Fig. 15

Availability of FSO B link calculated for particular years from data collected at Schoenefeld airport in Berlin.

066001_1_15.jpg

Fig. 16

Availability of FSO B link calculated for particular years from data collected at Nice/Cote airport.

066001_1_16.jpg

The fact that the monthly obtained link availability differs in dependence on the year and on the locality of the visibility measurement is shown in Figs. 17 and 18, in which the availability is plotted for the particular months in the years 2003, 2004, and 2005 and for the four different airports. Although the most critical months for link availability evidently differ in particular calculations, the typical months that exhibit great link availability variations include January, March, November, and December.

Fig. 17

Availability of FSO B link deployed at a distance of 1km calculated for particular months and years from data collected at (a) Schoenefeld airport in Berlin and (b) at the airport in Paris.

066001_1_17.jpg

Fig. 18

Availability of FSO B link deployed at a distance of 4km calculated for particular months and years from data collected at (a) Nice/Cote airport and (b) the airport in Genoa.

066001_1_18.jpg

It is obvious that the FSO systems designed for correct operation in foggy conditions need a large power link margin to overcome beam attenuation, which can reach tens of decibels per kilometer. Because the required power link margin can in many cases be ensured only by short link distances and the fade caused by scintillations appears only if the link distance is relatively large, these systems cannot be affected by turbulence. But, for example, the FSO B in the enterprise application, where the required link availability is 99%, can be deployed in Palermo (LICJ) at a distance of 4.2km (see Fig. 14). An admissible distance that avoids noticeable degradation of communication quality due to turbulence is 3.6km (see Fig. 6). It is highly probable that in the case of stronger scintillations (higher Cn2 ) the FSO availability will decrease due to turbulence and the scintillation effect has to be taken into consideration whenever a maximum usable link distance is being solved. Similar situations can arise also in other seaside areas in southern Europe. Note that at a distance of 3.6km and at the refractive-index structure parameter of 1014m23 scintillation in reality reaches, already, the moderate (saturation) regime and the real the scintillation is slightly lower than the scintillation shown in Fig. 4.17

Although the availability calculation was performed only for the FSO B link, the results can be adopted for the other FSO system availability estimation. In order to obtain an identical value of availability for any FSO link, the minimum visibility Vmin(Lx) at link distance Lx calculated for this link has to agree with Vmin(L) calculated for FSO B [see Eqs. 31, 32, 33]. The required link distance L for a given FSO B availability can be found in Figs. 11, 12, 13, 14 and the corresponding link distance Lx for other FSO systems (FSO C, FSO A) can then be then read in Fig. 9, maintaining the minimum required visibility constant. The same procedure can be used for availability estimation of other FSO systems whose minimum required visibility in dependence on the link distance is known. The availability estimation procedure can be verified on the curves plotted in Fig. 10.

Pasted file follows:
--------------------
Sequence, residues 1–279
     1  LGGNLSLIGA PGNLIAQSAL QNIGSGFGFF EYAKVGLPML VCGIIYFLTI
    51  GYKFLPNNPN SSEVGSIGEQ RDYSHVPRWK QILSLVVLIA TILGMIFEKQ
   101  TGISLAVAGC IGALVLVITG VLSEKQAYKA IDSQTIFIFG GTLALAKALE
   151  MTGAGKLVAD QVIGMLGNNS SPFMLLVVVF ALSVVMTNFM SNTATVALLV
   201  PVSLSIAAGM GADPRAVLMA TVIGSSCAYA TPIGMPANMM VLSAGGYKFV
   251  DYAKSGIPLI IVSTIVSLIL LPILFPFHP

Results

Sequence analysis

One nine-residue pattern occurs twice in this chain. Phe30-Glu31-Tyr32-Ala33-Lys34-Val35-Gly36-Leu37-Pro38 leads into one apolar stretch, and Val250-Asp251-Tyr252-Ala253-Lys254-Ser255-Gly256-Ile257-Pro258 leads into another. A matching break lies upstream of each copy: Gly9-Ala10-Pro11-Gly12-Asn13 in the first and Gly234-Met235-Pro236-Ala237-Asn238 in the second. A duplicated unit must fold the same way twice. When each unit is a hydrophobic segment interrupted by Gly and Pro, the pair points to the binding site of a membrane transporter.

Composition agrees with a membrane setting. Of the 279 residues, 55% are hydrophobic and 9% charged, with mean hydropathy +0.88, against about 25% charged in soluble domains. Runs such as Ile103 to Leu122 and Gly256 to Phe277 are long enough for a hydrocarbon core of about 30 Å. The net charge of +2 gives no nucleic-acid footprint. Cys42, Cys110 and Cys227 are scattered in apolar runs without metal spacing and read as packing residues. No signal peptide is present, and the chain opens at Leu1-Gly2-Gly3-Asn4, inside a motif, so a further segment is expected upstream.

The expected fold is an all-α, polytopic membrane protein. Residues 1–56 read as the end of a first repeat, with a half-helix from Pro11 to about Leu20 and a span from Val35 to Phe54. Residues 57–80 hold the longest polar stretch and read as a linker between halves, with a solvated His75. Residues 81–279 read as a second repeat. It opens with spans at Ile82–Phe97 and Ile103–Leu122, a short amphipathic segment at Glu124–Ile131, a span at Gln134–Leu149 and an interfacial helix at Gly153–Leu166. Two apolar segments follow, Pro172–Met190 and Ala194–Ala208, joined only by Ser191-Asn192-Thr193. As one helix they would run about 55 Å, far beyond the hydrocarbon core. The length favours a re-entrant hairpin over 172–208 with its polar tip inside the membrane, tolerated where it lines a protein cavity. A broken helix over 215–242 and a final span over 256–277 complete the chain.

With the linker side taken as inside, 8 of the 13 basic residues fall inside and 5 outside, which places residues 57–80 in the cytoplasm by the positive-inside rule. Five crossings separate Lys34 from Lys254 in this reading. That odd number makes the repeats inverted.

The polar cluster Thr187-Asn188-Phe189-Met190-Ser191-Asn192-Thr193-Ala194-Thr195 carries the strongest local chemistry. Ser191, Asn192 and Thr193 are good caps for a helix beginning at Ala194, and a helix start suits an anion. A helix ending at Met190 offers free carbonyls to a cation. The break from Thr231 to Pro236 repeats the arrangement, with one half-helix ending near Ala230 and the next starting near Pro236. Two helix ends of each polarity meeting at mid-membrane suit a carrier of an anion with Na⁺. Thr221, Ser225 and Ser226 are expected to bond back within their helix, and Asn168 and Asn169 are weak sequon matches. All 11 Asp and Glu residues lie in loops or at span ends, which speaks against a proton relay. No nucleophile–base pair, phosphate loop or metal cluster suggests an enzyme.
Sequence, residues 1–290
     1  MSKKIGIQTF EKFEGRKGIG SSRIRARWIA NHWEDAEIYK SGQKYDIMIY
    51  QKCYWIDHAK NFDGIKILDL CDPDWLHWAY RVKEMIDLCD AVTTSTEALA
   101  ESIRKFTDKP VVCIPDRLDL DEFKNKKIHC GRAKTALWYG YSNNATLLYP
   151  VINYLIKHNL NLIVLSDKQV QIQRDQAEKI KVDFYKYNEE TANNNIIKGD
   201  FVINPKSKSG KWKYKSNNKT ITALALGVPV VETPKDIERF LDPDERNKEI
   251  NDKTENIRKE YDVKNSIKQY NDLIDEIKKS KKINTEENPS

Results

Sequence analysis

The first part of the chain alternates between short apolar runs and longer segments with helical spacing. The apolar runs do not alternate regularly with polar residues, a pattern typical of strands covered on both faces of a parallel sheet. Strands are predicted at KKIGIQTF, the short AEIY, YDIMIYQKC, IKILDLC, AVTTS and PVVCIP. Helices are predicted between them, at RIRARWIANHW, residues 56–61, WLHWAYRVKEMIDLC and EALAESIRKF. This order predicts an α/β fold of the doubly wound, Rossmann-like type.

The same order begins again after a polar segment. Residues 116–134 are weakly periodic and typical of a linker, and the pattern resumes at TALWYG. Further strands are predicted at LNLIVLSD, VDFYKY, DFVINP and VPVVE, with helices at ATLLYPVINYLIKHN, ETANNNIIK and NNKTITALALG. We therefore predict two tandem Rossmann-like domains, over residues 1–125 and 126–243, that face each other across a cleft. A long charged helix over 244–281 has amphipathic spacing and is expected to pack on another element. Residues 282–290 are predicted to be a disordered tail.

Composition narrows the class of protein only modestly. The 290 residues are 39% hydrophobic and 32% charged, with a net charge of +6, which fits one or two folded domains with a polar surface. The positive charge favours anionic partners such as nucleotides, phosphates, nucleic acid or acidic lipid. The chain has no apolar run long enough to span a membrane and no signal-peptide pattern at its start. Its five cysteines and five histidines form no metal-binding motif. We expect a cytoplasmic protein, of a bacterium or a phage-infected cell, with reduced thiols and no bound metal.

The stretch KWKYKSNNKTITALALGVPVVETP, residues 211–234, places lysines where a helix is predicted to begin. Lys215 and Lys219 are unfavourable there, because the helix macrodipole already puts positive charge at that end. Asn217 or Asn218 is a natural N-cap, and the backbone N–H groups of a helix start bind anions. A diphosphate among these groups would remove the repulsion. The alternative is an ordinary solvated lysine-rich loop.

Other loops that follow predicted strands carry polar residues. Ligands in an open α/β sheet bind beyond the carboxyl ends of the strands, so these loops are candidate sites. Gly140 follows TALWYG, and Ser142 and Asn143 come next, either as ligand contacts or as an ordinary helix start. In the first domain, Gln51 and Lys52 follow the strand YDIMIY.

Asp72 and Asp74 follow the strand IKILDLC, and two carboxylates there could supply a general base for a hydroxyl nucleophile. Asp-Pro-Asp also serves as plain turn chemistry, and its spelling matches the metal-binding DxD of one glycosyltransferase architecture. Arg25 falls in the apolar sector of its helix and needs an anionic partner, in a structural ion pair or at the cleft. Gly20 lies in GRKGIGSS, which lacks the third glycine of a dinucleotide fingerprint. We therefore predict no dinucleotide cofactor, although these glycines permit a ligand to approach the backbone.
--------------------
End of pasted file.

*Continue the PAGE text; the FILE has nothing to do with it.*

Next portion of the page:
8.

Conclusion

The aim of the paper has been to give a summary of calculation of power losses caused by turbulence and scattering, to compare the FSO availability in selected areas in Europe, and to show how this availability can be evaluated.

The FSO availability varies in dependence on power link margin and in dependence on the locality where the FSO is installed. It is possible to establish some rules for availability estimation that are of general validity; for example, good availability can be achieved in warm seaside areas or desert regions but, on the other hand, in large cities with two or more airports the availabilities obtained from these airports can differ considerably [e.g., Schoenefeld International Airport (EDDB) and Tempelhof International Airport (EDDI) in Berlin]. FSO availability at any location can thus be very difficult to reliably determine.

The data collected are suitable for evaluating the enterprise-class FSO appropriateness but not the carrier-class FSO appropriateness because of the low resolution of the visibility measured. However, it is evident that the availability required for the carrier-class systems can be achieved only for very short distances (a few hundred meters). Improved FSO availability can be obtained, for example, with the hybrid FSO/RF communication systems, where the RF link backs up (at lower data rates) the FSO if atmospheric attenuation exceeds the permissible limit.1

As is obvious from the results, the power loss caused by turbulence reduces the link availability only in the case of relatively long link distances. Thus, the FSO designed for a relatively high availability in a typical continental area in Europe cannot be affected by turbulence. As mentioned above, the scintillation effect is reduced significantly by increasing the receiver aperture. A similar improvement can be obtained using a few optical transmitters.19

Acknowledgments

This work has been supported by the Research Programme MSM0021630513, and by the Grant Agency of the Czech Republic Projects No. 102/06/1358, No. 102/07/1295, and No. 102/09/0550.